Gil Richardson – Climb Ev’ry Mountain

Gill Richardson

Rohan Harrogate Lectures – November 3rd

Gill Richardson and Andres Helmer Climb Ev’ry Mountain

In all of my 50 years, I’d never had a relationship with a man which was anything like this one. It seemed particularly strange since he was almost half my age.

First he went through my overnight bag to see if the things I’d packed were ‘suitable’. Then he made me walk several paces behind him. At one point I was tied to his waist like some disobedient dog. I found myself asking for his approval before I ate anything and regularly ended up sleeping with ten other men before getting up at any unearthly hour of the morning he suggested, without complaint.

Of course, it wasn’t supposed to be your normal sort of male/female relationship and anyone familiar with climbing would know immediately that he was a mountain guide.

To me he represented my mid-life crisis rebellion. I had resigned my job to get fit and raise £25,000 for the new Yorkshire Cancer Centre in Leeds. The challenge was to climb the highest peak in eight European countries.

Until I’d hatched this so called, ‘Climb Ev’ry Mountain’ plan, my only ‘mountaineering’ experience had been a few days in the Lake District or in the Yorkshire Dales.

Twenty-seven-year old Andreas Helmer was an Austrian mountain guide who had taken on the job of getting this complete novice through the climbing journey which would culminate on Mont Blanc. He was my 50th birthday present – two weeks of his time had been bought for me by disbelieving relatives who’d attended a ‘Sound of Music’ themed birthday party.

I’d bagged the ‘joke summits’ of the Netherlands 322m, Belgium 694m and Luxembourg 558.35m before we met up in Austria in August 2007, to tackle the more serious climbs together.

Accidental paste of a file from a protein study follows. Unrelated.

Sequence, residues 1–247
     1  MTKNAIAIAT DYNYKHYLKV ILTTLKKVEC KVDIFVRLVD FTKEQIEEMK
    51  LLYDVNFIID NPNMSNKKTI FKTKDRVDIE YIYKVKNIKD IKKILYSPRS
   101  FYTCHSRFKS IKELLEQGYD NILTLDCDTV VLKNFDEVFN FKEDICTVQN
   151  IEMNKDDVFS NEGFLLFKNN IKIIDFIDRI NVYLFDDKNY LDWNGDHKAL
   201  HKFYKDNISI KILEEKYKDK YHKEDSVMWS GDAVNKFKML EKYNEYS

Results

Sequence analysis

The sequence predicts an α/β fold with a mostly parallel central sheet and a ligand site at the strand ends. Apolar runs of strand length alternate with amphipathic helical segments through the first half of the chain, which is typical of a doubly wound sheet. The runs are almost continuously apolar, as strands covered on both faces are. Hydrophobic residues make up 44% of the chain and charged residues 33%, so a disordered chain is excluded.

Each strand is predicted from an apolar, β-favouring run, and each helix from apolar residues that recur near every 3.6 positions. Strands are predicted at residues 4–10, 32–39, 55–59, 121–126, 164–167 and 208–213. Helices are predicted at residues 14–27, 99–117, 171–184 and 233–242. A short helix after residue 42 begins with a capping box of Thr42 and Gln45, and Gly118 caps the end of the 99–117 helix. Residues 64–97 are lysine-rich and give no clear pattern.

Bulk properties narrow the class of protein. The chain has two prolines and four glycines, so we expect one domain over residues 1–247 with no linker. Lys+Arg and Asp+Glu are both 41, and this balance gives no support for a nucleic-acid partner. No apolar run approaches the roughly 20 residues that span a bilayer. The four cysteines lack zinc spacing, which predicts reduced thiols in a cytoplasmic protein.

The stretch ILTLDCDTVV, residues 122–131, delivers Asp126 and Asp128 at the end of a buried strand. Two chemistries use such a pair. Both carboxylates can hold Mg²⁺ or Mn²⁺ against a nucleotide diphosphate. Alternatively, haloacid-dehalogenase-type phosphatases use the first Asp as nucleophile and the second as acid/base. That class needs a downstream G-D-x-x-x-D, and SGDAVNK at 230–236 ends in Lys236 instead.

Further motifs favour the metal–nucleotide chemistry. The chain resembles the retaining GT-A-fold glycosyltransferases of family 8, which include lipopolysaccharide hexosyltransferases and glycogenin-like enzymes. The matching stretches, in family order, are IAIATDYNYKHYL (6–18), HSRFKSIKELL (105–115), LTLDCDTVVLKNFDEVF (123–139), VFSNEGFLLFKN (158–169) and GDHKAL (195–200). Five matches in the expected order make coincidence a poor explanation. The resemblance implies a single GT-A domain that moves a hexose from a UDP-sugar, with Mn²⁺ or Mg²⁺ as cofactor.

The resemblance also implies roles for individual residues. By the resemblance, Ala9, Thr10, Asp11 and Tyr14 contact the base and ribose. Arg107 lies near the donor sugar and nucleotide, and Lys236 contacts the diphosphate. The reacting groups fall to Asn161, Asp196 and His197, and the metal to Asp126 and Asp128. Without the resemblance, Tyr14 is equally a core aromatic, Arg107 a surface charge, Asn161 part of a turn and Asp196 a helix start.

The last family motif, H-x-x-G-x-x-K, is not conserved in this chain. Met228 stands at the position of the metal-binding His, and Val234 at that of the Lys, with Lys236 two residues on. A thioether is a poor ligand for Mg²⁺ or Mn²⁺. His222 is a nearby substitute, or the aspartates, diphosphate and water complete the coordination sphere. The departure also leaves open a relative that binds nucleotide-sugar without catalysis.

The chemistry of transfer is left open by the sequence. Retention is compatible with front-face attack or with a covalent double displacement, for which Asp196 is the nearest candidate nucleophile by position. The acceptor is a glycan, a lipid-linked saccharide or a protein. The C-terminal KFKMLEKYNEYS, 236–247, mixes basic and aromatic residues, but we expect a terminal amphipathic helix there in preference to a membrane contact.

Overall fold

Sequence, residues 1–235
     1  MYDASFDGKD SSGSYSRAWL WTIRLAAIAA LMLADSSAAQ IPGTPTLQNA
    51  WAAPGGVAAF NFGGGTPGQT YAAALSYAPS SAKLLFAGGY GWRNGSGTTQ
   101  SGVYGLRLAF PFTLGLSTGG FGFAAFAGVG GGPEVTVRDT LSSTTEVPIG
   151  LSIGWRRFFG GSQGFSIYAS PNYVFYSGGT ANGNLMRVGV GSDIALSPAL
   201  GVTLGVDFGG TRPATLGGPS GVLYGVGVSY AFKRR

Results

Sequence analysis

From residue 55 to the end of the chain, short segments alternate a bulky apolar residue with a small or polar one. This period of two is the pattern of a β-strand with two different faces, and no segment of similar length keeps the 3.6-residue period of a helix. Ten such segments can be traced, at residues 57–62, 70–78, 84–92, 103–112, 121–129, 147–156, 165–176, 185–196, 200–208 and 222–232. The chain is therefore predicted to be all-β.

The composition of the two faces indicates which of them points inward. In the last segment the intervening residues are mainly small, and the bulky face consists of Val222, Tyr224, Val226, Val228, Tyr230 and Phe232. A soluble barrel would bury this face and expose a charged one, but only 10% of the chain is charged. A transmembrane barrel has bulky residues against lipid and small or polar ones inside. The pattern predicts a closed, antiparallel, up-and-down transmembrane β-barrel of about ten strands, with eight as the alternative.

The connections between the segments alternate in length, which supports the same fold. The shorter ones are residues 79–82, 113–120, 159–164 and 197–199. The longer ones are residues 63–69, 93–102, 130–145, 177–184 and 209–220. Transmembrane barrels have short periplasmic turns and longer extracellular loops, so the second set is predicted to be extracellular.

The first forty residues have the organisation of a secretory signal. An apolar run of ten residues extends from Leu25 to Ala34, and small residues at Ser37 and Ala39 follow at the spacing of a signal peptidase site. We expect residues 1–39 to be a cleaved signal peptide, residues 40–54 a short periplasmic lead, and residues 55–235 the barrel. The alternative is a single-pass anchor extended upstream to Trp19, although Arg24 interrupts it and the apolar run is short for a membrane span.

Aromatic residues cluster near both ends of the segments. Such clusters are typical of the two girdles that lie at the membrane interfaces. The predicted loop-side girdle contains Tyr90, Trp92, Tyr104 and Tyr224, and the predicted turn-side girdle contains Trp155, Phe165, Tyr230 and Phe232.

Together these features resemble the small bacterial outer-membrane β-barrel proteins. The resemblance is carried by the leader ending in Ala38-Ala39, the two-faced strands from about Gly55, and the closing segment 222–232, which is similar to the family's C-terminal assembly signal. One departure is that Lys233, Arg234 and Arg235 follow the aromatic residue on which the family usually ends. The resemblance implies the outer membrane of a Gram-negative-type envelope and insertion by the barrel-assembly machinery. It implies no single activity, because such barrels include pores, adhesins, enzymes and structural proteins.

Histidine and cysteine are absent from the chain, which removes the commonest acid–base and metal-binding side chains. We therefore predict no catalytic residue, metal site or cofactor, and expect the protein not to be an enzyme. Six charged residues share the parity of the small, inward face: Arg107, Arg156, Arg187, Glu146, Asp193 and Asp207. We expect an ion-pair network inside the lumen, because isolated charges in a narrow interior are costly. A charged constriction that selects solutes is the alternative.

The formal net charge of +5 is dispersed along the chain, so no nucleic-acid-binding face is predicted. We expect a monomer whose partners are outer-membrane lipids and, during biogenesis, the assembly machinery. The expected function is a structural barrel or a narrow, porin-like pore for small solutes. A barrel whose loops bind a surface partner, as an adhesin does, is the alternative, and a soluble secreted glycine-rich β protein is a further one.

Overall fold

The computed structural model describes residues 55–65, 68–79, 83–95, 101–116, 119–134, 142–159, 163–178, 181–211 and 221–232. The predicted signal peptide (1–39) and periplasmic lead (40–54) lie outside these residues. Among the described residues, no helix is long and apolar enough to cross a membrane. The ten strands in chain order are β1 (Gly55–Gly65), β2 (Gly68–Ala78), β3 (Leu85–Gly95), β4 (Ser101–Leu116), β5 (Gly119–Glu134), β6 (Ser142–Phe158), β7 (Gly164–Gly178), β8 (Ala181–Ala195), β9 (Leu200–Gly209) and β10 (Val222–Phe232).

The plan was to climb the Großglockner in Austria 3798m, then the Zugspitze in Germany 2964m, the Dufourspitze in Switzerland 4634m and finally Mont Blanc which at 4810m is the highest in France and its second peak, Mont Blanc de Courmayeur, which is the highest point in Italy 4728m.

Only later did I realise that my plan was extremely optimistic and that someone with a little more experience of mountains and their unpredictable weather would have hesitated. We had huge distances between the mountains which had to be climbed in more or less ascending order of height because of the altitude acclimatisation. Thankfully Andi kept his doubts to himself and kept his fingers crossed that the weather would be kind.

Of the 12 days we were together, we were climbing for nine of them and despite my training efforts, it took several months after the trip for my legs to begin to feel normal again.

I’d anticipated the muscular challenge but I was shocked at just how hard every step at altitude actually was. Another of the common effects of altitude, to which I succumbed, is not being able to sleep. Consequently, the following day was made even more gruelling for the rookie.

A real eye-opener on the trip was the high altitude huts – dark, crowded and smelly dormitories with a surfeit of loudly snoring companions and no running water. Instead of a luxurious en suite, there was just the perilous walk over the icy rocks to the loo if you were caught short during the night. Not my usual standard of holiday accommodation.

On a positive note, I was awestruck by the engineering and building skills which allowed the huts to cling to their inhospitable sites and also by the stupendous meals prepared by the cooks inside.